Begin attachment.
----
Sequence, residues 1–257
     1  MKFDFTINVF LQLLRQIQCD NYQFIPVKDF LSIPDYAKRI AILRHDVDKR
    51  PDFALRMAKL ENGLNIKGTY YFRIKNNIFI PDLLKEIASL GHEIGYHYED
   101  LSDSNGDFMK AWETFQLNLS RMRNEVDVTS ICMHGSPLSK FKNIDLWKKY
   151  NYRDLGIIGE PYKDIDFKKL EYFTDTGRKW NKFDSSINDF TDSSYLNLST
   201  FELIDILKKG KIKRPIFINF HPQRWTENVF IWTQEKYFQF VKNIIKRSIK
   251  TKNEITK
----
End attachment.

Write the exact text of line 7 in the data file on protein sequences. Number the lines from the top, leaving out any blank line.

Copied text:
   251  TKNEITK